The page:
The crisis can be healed by letting the magic market (aka Wall Street) lay its hands on the funding of college education. Get the government out of the student loan business, they preach, and let global speculators invest directly in students by covering their tuition. In other words, turn students into just another Wall Street commodity to be purchased by the wealthy.

George Zornick: Media Help Advance Romney’s Lies About Ohio Early Voting

This weekend, Republican presidential candidate Mitt Romney launched on attack an the Obama campaign that is unambiguously based on a lie. On his Facebook page, Romney posted a note directly accusing the re-election effort of working to undermine the voting rights of military members in Ohio: [..]

The background is that, while all Ohio voters used to enjoy in-person early voting privileges for three days, Republicans in the state legislature this year restricted that right to military members only. The Obama campaign subsequently filed a lawsuit asking that the privileges be extended to all voters: [..]

Yet many mainstream political reporters are unable or unwilling to discern that a lie has been told, and say so in their reporting. Eric Alterman recently described the pernicious so-called “even-handedness” of much of the political press, and it’s on display in no clearer fashion than in this case-there is zero room for interpretation about what the Obama campaign lawsuit seeks.

John Nichols: Shootings at Sikh Temple Test the Founding Faith of America

As Americans mourn the killings at the Sikh gurdwara in Oak Creek, Wisconsin, it is vital to remember the real history of religious freedom in America.

And to embrace it.

This is about something very different from the cheap sloganeering of those who would blur lines of separation between church and state and use the promise of freedom to worship as an excuse to discriminate against others. The vision advanced today by right-wing politicians-who cloak themselves in a Constitution they do not seem to have read very closely-often imagines America as “a Christian nation.” But that characterization is at odds with the ideal of the founders, who enacted religious freedom protections “meant to comprehend, within the mantle of [their] protection, the Jew and the Gentile, the Christian and Mahometan, the Hindoo, and infidel of every denomination.” Jefferson was fascinated by the great religions of the world. He was not just aware of them. He searched out copies of the holy texts of Islam, Judaism, Hinduism and other religions, and he consulted them when preparing core documents of the American experiment. He and the most enlightened of his comrades wanted America to protect and welcome the practitioners of those faiths.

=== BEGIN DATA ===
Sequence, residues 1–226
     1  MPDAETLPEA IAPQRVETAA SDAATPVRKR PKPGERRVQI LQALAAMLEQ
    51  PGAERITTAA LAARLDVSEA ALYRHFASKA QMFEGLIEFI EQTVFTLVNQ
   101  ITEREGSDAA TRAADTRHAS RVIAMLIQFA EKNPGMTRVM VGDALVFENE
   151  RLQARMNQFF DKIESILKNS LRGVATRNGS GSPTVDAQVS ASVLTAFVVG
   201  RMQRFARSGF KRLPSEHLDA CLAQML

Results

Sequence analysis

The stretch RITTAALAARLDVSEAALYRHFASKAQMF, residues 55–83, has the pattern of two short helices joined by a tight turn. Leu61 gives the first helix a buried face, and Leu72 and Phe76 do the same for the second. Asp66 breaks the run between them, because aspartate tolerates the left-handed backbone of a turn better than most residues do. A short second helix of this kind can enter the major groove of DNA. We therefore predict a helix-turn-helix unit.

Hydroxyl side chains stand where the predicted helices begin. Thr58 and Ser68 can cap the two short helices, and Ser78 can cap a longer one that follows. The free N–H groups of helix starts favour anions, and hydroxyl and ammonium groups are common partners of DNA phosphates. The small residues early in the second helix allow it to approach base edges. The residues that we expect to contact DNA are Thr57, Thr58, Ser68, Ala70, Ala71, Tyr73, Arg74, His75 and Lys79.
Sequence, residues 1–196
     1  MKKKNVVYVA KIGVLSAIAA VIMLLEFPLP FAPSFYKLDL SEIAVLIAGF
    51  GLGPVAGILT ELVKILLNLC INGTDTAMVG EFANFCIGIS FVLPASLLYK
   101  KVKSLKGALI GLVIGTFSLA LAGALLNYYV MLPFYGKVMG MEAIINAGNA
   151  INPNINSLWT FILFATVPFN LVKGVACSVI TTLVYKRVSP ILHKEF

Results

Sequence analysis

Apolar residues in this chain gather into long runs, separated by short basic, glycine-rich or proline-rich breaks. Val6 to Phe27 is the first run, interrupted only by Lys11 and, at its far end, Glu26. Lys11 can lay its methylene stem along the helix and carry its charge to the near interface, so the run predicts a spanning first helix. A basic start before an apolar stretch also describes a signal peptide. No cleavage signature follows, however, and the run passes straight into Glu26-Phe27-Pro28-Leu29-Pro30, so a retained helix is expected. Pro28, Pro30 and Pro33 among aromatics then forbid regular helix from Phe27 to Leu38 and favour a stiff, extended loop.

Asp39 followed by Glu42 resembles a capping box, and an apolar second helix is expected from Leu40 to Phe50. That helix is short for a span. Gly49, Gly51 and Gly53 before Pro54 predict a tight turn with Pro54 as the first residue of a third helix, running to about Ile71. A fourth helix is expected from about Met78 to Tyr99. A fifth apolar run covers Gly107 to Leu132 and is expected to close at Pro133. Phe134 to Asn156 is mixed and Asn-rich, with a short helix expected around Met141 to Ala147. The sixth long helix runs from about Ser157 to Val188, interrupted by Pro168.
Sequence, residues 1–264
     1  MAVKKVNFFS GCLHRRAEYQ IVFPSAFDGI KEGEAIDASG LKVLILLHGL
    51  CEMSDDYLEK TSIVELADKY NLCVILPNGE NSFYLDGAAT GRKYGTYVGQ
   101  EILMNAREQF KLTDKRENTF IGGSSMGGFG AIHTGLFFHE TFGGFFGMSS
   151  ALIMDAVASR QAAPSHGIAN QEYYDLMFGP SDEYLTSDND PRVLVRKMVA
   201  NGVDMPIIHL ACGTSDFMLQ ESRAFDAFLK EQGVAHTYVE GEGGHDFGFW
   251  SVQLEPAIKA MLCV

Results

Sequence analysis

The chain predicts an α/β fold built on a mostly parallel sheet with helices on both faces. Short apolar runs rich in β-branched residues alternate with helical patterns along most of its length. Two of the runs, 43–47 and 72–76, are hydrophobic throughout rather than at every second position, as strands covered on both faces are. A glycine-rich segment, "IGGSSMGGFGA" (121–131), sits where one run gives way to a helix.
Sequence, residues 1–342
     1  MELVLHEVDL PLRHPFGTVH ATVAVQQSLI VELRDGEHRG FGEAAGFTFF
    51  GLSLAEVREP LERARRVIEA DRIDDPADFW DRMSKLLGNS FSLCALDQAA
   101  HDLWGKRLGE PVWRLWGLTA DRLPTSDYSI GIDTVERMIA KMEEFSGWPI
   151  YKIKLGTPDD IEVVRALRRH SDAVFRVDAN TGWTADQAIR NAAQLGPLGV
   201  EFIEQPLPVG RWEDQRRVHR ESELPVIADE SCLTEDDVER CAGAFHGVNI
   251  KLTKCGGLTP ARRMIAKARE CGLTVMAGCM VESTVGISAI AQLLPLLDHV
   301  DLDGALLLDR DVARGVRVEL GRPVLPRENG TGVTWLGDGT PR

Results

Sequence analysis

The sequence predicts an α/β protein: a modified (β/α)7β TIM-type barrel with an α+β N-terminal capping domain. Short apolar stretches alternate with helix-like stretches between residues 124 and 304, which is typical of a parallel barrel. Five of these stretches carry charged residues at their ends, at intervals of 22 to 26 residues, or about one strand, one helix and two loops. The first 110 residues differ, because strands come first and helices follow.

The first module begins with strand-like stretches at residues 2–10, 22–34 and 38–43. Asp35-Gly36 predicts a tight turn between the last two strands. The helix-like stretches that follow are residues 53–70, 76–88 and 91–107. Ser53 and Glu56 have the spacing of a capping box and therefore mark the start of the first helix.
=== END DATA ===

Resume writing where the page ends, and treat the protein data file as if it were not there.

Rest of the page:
Of course, Jefferson wanted future American presidents and political leaders to share his recognition that the “wall of separation” between church and state was designed to prevent favoritism for one doctrine or faith over another.

But he also wanted America to be a welcoming place for the followers of all faiths. And he wanted the believers in Muslims, Hindus, Jews, Christians and, yes, Sikhs to be safe from threats and violence.

Rats, Chickens, and ‘Professional Courtesy’

Leaving a sinking ship-

As Libor Fault-Finding Grows, It Is Now Every Bank for Itself

By AZAM AHMED and BEN PROTESS, The New York Times

August 5, 2012

Major banks, which often band together when facing government scrutiny, are now turning on one another as an international investigation into the manipulation of interest rates gains momentum.

With billions of dollars and their reputations on the line, financial institutions have been spreading the blame in recent meetings with authorities, according to government and bank officials with knowledge of the matter.

Authorities around the world are investigating more than 10 big banks for their roles in setting global interest rates like the London interbank offered rate, or Libor. Such benchmarks underpin trillions of dollars of financial products, including mortgages and student loans.

Regulators are examining whether banks colluded to move the rates up or down to get extra profits and limit losses on their trading positions. Some banks are also under investigation for reporting artificially low rates to make themselves appear financially healthier.

When banks first started conducting internal investigations at the behest of regulators two years ago, they figured the potential penalties would be manageable, according to bank officials.